The main aim of stock picking is to find the market-beating stocks. But the main game is to find enough winners to more than offset the losers So we wouldn't blame long term TriMas Corporation (NASDAQ:TRS) shareholders for doubting their decision to hold, with the stock down 31% over a half decade. And we doubt long term believers are the only worried holders, since the stock price has declined 29% over the last twelve months. It's down 33% in about a quarter. However, one could argue that the price has been influenced by the general market, which is down 29% in the same timeframe.
While markets are a powerful pricing mechanism, share prices reflect investor sentiment, not just underlying business performance. One way to examine how market sentiment has changed over time is to look at the interaction between a company's share price and its earnings per share (EPS).
TriMas became profitable within the last five years. Most would consider that to be a good thing, so it's counter-intuitive to see the share price declining. Other metrics may better explain the share price move.
The revenue fall of 1.6% per year for five years is neither good nor terrible. But if the market expected durable top line growth, then that could explain the share price weakness.
You can see how earnings and revenue have changed over time in the image below (click on the chart to see the exact values).
It's probably worth noting we've seen significant insider buying in the last quarter, which we consider a positive. That said, we think earnings and revenue growth trends are even more important factors to consider. This free report showing analyst forecasts should help you form a view on TriMas
What about the Total Shareholder Return (TSR)?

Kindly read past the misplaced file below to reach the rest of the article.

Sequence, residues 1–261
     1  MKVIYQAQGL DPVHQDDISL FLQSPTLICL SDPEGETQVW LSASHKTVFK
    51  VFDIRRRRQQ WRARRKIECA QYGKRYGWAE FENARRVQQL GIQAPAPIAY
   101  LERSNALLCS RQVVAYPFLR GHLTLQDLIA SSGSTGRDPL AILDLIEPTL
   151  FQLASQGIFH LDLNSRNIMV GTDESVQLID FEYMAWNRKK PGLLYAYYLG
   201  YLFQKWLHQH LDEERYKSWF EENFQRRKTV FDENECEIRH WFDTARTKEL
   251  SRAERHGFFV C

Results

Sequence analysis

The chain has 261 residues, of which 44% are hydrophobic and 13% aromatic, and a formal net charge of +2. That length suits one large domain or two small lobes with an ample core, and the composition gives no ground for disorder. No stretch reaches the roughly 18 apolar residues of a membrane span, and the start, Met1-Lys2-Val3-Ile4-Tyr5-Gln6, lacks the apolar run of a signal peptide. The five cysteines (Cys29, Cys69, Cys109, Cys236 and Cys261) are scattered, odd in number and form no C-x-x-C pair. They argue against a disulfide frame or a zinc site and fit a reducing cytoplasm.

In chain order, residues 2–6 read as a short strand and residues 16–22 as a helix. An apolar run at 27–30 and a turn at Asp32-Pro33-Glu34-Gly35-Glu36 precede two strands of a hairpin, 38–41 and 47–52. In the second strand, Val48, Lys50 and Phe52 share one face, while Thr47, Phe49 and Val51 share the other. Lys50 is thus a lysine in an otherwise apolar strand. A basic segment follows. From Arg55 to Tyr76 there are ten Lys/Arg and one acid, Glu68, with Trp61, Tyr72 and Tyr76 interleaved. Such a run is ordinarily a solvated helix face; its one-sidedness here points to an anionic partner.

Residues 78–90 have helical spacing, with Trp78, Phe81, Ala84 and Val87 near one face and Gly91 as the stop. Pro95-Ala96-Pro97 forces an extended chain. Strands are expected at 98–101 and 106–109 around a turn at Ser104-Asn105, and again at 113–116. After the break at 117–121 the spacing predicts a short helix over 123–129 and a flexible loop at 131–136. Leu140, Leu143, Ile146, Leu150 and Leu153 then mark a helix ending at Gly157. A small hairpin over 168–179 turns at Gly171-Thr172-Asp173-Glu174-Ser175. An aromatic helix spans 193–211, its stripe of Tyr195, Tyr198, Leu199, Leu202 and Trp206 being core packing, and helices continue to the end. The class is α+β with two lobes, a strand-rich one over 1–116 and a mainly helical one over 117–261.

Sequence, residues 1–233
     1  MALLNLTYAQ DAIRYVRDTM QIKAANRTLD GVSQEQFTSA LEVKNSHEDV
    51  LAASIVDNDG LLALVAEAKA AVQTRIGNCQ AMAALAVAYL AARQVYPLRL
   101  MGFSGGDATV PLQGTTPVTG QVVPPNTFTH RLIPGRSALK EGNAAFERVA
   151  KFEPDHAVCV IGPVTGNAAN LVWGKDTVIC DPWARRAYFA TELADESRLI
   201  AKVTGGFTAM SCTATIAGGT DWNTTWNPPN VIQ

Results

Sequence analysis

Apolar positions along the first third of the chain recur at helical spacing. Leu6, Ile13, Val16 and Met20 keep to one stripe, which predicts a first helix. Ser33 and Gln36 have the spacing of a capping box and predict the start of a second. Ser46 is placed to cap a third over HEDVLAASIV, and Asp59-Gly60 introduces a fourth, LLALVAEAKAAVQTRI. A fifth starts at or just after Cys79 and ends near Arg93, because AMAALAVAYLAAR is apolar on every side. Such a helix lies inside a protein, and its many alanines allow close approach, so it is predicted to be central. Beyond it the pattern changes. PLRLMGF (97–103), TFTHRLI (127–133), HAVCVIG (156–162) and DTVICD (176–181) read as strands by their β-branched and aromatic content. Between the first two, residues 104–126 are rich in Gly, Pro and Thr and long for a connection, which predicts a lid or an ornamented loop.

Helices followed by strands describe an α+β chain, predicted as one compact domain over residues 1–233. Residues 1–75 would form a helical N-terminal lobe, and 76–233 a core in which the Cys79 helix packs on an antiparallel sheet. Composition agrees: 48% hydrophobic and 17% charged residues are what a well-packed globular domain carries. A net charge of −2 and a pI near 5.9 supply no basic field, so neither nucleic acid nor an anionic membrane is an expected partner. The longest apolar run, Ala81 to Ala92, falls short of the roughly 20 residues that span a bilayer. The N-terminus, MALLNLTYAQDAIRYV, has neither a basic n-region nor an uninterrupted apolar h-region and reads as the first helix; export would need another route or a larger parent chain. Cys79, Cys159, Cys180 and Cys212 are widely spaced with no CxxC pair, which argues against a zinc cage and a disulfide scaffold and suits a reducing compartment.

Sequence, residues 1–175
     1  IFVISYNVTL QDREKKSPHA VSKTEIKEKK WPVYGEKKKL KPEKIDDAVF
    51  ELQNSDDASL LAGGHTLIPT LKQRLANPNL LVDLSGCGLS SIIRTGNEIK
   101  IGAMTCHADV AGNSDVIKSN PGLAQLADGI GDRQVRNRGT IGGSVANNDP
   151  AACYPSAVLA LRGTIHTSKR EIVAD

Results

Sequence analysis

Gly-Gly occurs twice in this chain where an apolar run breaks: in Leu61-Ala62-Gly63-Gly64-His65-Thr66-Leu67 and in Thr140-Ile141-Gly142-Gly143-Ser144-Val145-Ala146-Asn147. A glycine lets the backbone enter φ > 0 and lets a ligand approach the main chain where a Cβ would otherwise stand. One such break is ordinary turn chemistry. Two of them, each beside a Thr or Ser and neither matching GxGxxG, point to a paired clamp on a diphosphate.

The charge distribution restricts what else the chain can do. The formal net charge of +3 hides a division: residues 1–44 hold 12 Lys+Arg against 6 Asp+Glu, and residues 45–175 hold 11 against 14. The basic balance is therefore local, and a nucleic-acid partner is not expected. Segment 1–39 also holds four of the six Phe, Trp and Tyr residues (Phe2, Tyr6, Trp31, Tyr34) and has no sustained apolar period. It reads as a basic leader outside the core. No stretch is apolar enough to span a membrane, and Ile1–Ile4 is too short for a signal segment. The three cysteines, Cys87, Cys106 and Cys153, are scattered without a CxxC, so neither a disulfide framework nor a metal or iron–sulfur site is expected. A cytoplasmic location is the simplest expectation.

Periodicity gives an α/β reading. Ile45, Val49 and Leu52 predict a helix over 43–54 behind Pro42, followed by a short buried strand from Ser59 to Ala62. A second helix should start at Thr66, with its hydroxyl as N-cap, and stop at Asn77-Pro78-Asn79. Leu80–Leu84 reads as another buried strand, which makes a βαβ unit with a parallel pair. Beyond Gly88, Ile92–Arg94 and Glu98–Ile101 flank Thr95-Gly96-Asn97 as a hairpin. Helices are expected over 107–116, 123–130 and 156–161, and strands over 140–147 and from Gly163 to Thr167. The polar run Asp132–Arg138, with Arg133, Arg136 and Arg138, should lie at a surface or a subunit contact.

We'd be remiss not to mention the difference between TriMas's total shareholder return (TSR) and its share price return. The TSR attempts to capture the value of dividends (as if they were reinvested) as well as any spin-offs or discounted capital raisings offered to shareholders. We note that TriMas's TSR, at -13% is higher than its share price return of -31%. When you consider it hasn't been paying a dividend, this data suggests shareholders have benefitted from a spin-off, or had the opportunity to acquire attractively priced shares in a discounted capital raising.
A Different Perspective
We regret to report that TriMas shareholders are down 29% for the year. Unfortunately, that's worse than the broader market decline of 17%. However, it could simply be that the share price has been impacted by broader market jitters. It might be worth keeping an eye on the fundamentals, in case there's a good opportunity. Unfortunately, last year's performance may indicate unresolved challenges, given that it was worse than the annualised loss of 2.8% over the last half decade. We realise that Baron Rothschild has said investors should "buy when there is blood on the streets", but we caution that investors should first be sure they are buying a high quality business. It's always interesting to track share price performance over the longer term. But to understand TriMas better, we need to consider many other factors. To that end, you should be aware of the 3 warning signs we've spotted with TriMas .
TriMas is not the only stock insiders are buying. So take a peek at this free list of growing companies with insider buying.
Please note, the market returns quoted in this article reflect the market weighted average returns of stocks that currently trade on US exchanges.
If you spot an error that warrants correction, please contact the editor at email@example.com. This article by Simply Wall St is general in nature. It does not constitute a recommendation to buy or sell any stock, and does not take account of your objectives, or your financial situation. Simply Wall St has no position in the stocks mentioned.
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